Ephesus, Alexandria and Syracuse - 3 important centers of learning - disappeared and eventually so did Byzantium. A "culture" is not a city. Saliba's argument reminds me of Afrocentrists who want credit for Egypt but mysteriously can't explain why sub-Saharan Africa itself never had that expression of monument building.

History itself is now a politically correct race-factory. Mitigation and excuses, blame and whining, now replace research, and the word "obvious" has taken a deep dark trip to the bottom of the sea. Even direct and continuous contact with Europe had no effect on the Ottomans. At some point you just have to accept "can't" and "didn't" at face value.

Liberals have censored vast swaths of history until Mughals, Ottomans, Abbasids, Aztecs and Manchus simply never existed. In British India, accidental or mismanaged famines become "genocide" and 1 to 4 million ethnic murders following the retirement of the British never occurred.

Nuance is gone, in favor of a faddist political agenda by history's also-rans who think they can cry their way to the moon.

51 weeks ago
51 weeks ago Link To Comment
You forget Smyrna, another important city, taken over in 1922 by an Islamist army, its considerable Christian population put to the sword, its spiritual leader, Christostom, if I remember his name right, dragged by his beard through the streets, his eyes put out, his hand lopped off as he repeatedly raised it to bless his tormentors, and he was then beheaded. Some Christians, cornered at the harbor,in terror for their lives tried to swim to foreign ships in port for safety, but were repulsed. The city was in Turkey, and the Moslems renamed it Izmir. Islam is and has always been the Dark Ages personified, spreading hatred,ignorance and illiteracy wherever it goes. Anytime they invade, churches, schools, universities and libraries are the first places destroyed, clergy and teachers among the first to be massacred,and are replaced by Moslem clerics, the schools and universities by madrassas and mosques.
46 weeks ago
46 weeks ago Link To Comment
As of this week, I can now view the 'vulgus vult decipi' of California eradicating the Golden State from afar, since I am no longer a resident. I am free.
I am also in a part of the country that is distinctly anti-obama. Finally I am at peace.
Good luck, America. You've earned the scourging that the next two decades will bring upon you. Your vanity, foolishness and envy will be repaid manyfold, to your profound chagrin.
51 weeks ago
51 weeks ago Link To Comment
Like Hanson I am a California boy, know the areas of his haunts. Because no one discovered that I had 20/400 vision, I began the 7th grade with 1st grade reading knowledge. With glasses I learned to read and read and read. I read all the great books a boy's young heart could want, i.e., I entered cultre. Eventually I became a prof. of Germanic literature which led me to philosophy. READING lit. or phil. or whatever of value is a key to mature reflection. In Germany (where I live) I see endless documentaries on Nazism. But reading the precious diaries of Anne Frank open up the marvelously human world of a persecute young Jewish girl in away that historical documentaries do not. Reading Unamuno in Spanish opens up the world of internal struggle of a genius having lost his faith (very contempory here in Europe today). Alas, I never learned Greek and never got around to the Romans except for some poetry. So I can not plea for the "old books" (and bemoan the fact), but I do plea for "quality books", even in translation. Without books, this then 7th grade illerate would be a bum wandering about instead of a reitred professor having professionally wandered about various countries.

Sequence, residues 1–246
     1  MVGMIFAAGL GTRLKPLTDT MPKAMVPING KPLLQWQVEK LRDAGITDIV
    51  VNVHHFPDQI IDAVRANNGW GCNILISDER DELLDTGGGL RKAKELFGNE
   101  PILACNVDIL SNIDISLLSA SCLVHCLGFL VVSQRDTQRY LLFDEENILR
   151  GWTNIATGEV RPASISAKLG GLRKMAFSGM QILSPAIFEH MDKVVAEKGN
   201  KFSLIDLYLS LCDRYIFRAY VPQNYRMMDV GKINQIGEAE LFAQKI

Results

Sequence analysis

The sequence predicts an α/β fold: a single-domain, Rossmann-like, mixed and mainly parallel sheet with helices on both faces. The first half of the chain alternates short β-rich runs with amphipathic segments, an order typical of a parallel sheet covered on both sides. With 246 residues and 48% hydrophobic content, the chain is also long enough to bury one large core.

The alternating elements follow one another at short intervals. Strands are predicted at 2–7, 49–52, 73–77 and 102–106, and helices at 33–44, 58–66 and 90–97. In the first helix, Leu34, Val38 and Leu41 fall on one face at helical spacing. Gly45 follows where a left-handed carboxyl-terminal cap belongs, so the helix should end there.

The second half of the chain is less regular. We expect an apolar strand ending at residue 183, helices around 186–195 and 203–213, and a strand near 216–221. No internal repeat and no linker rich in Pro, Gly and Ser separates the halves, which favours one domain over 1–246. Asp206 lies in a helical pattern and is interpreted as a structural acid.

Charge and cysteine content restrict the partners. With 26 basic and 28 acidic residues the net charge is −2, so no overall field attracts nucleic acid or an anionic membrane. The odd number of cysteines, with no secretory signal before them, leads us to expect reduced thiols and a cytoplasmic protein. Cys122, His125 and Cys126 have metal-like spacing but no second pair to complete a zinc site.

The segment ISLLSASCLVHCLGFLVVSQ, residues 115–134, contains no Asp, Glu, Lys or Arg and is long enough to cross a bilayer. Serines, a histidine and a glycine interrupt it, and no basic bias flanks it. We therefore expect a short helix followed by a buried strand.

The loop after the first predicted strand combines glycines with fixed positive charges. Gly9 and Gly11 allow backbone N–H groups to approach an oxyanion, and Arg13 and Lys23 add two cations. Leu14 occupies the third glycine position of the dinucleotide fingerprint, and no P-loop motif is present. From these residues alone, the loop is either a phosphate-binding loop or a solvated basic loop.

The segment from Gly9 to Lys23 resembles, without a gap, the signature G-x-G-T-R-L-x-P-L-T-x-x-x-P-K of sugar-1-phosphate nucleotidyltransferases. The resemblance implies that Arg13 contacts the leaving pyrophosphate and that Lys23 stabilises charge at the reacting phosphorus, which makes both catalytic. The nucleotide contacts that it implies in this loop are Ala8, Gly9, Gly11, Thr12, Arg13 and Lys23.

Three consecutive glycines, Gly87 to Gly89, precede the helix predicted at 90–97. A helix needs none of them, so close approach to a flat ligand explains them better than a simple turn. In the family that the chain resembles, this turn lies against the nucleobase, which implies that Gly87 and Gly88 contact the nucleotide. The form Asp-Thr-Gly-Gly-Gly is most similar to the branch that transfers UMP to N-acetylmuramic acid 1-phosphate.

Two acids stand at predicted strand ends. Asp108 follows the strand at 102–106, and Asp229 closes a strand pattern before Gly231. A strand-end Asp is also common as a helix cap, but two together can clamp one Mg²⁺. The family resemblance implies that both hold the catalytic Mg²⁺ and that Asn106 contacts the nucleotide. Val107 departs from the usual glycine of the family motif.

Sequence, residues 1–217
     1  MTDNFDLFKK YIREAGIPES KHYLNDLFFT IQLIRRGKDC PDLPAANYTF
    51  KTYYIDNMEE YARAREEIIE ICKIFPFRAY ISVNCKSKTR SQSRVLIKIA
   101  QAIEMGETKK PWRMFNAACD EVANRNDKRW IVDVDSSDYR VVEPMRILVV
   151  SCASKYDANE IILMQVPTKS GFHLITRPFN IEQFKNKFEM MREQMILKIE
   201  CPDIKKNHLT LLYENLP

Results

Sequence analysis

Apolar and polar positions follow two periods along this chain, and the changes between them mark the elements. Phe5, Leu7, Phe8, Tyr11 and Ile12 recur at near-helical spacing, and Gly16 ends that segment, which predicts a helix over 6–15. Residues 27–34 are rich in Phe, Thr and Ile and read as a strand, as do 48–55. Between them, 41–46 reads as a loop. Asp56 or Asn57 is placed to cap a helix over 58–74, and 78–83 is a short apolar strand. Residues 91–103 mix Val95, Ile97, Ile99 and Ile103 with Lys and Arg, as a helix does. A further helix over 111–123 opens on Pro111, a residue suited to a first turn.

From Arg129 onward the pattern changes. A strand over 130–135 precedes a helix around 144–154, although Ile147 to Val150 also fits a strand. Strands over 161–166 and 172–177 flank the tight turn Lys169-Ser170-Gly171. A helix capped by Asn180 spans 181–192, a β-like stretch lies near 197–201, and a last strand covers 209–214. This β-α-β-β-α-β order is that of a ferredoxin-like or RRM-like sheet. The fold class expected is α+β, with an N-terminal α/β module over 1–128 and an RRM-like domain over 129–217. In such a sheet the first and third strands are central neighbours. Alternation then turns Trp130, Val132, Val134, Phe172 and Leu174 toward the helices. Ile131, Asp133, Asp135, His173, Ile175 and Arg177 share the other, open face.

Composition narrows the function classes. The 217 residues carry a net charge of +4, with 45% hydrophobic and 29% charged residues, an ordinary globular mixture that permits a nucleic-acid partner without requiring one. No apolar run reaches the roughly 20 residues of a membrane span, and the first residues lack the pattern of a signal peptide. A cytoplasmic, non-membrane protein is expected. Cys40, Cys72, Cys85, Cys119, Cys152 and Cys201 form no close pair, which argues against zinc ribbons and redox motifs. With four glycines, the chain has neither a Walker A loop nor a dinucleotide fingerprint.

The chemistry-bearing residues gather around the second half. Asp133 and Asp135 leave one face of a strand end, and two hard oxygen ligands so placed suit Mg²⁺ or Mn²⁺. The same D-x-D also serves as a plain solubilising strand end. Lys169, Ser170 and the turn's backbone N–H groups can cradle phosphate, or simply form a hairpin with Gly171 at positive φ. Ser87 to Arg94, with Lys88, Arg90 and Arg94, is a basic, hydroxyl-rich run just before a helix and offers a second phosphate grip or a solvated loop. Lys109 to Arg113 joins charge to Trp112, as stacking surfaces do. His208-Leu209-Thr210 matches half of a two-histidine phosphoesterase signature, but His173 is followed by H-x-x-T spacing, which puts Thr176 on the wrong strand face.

51 weeks ago
51 weeks ago Link To Comment
Have you read Victor Klemperer's Diaries? They are the adult equivalent of the Anne Frank Diaries. I read the first two, but not the third, which covers post-war Germany.
51 weeks ago
51 weeks ago Link To Comment
The generations of the "old books" were a special people. They didn't politicize everything from A to Z. They could satarize politics without demeaning personalizations. They could make or take a position on the merits alone. They were ground in reality with great wisdom, common sense and even streaks of great humor unlike todays generations. They will be read when writers of today will long forgotten.
51 weeks ago
51 weeks ago Link To Comment
Zekie, are you being critical of Letterman, Maher, and Stewart again? Well, I can't blame you, they do politicize everything and demean their opponents, don't they.
51 weeks ago
51 weeks ago Link To Comment
Not unless Letterman, Maher, and Stewart are centuries old literary authors of which I have not read anything they've written. Maybe you could enlighten us all with their literary works of old?
51 weeks ago
51 weeks ago Link To Comment
Whenever I read your work Mr. Hanson... I am reminded of how truly uninformed I am (inspite of my education and age) and commit myself that much more to catch up. Thanks once again for your excellent insights.
51 weeks ago
51 weeks ago Link To Comment
Thank you, Professor, for another fine and enlightening article. It's both comforting and disquieting to see the historical parallels; comforting to know that our world is not unique and disquieting because there is very little we can do to subvert what these universal truths tell us about human nature. However, I think that our electronic mass media - more intrusive, ubiquitous and wide-spread than we could imagine it would become just a few short years ago - is creating a distortion, a disjunction in human perception that is very new with results that are unpredictable and, quite frankly, scary.
51 weeks ago
51 weeks ago Link To Comment
Dan Brown, in his popular pop novel, ANGELS & DEMONS, observes an interesting judgment in the narrative: "The (mass)Media is the Left Hand of Satan". For the obsequious purveyors of this form of mendacity, Dante would provide a 10th Circle...where such of the damned are despised even by the Devil himself...

51 weeks ago
51 weeks ago Link To Comment